• Create fields and drop-down menu options for the exact things you want to track. For example, job title is standard, but you might opt to add “role” with options for decision maker, influencer, equipment operator, administrator. Tailor categories to the information that’s most useful to how your team operates.
  • Schedule tasks and define your own sales cycle stages. This lets everyone see at a glance where each customer or prospect is, which team member is working with them, and where they will go next. It’s a great way to streamline and safeguard the handoff process, keeping records from falling through the cracks.

Metrics and KPIs

When your data is clean and normalized and everyone is using the CRM consistently, you can be confident that reports and metrics are accurate. Capturing details like touch dates, call outcomes, or deal values means you can measure things like average time to close, cost per lead, and even how much of your business is coming from what portion of your customers.

Customer engagement

Most CRMs let you track where a customer or prospect is in the sales cycle (or quickly find where they got stuck). But you can also review records for clues about customer engagement, for example:

  • Individual records indicate which emails a customer was sent and (more importantly) which ones they opened. Adding notes about phone conversations keep a record of questions customers asked, complaints they made, or needs they described.
  • Running reports allows you to review groups of records by segment, industry, stage, or other category to glean larger trends. For example, you can determine if version A or B of the spring sale email had more opens, discover how often people are calling customer service about a software glitch, or track if they’re using the phone or the website more often to contact reps.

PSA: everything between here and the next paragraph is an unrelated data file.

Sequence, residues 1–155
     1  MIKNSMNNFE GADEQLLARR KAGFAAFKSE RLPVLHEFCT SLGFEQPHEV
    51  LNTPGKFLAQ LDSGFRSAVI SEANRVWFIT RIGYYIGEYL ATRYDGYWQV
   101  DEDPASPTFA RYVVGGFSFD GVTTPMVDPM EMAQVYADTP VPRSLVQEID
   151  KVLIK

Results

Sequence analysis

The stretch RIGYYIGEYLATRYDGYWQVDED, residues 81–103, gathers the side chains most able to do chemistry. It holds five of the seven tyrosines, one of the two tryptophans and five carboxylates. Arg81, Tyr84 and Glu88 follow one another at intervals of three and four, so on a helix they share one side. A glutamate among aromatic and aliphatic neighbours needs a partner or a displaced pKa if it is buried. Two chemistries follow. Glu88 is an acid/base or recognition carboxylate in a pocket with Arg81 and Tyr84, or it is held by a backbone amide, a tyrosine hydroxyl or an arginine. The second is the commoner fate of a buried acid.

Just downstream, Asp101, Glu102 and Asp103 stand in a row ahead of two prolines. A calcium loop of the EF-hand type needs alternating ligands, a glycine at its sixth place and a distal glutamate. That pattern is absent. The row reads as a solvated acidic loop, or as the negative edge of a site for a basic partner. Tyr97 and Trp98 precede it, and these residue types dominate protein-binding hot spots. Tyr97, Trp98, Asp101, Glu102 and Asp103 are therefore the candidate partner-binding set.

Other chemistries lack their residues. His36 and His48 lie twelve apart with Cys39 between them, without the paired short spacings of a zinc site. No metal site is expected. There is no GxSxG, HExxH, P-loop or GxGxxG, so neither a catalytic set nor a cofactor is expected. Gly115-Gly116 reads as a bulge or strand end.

A CRM might not be a crystal ball but it can help sales and marketing operations managers see what’s coming down the pipeline more easily. And with this enhanced vision into who’s close to a sale or where things are lagging comes the ability to plan how to allocate time and resources for the next quarter, month, or week. It also has a ripple effect, showing what’s coming in terms of demand, buying trends, possible effects on production and supply chain needs.

Is a CRM the only tool available for organizing and accessing your data? It’s true you could do most of the things we’ve talked about here with a spreadsheet. But a CRM includes additional functionality that lets you manage your data in ways that are meaningful and useful to your unique company. With some planning, you can set it up to collect data just the way you want it so you can later find exactly what you need. As your business grows, you’ll save time and money over dealing with an unwieldly spreadsheet.

Are you currently using CRM software? If you have one, do you use it to its full potential (put another way, can you see your business growing as a result of implementing it)? If you answered no to either of these questions, let’s talk! Please contact us about what CRM, and Acadia, can do for you.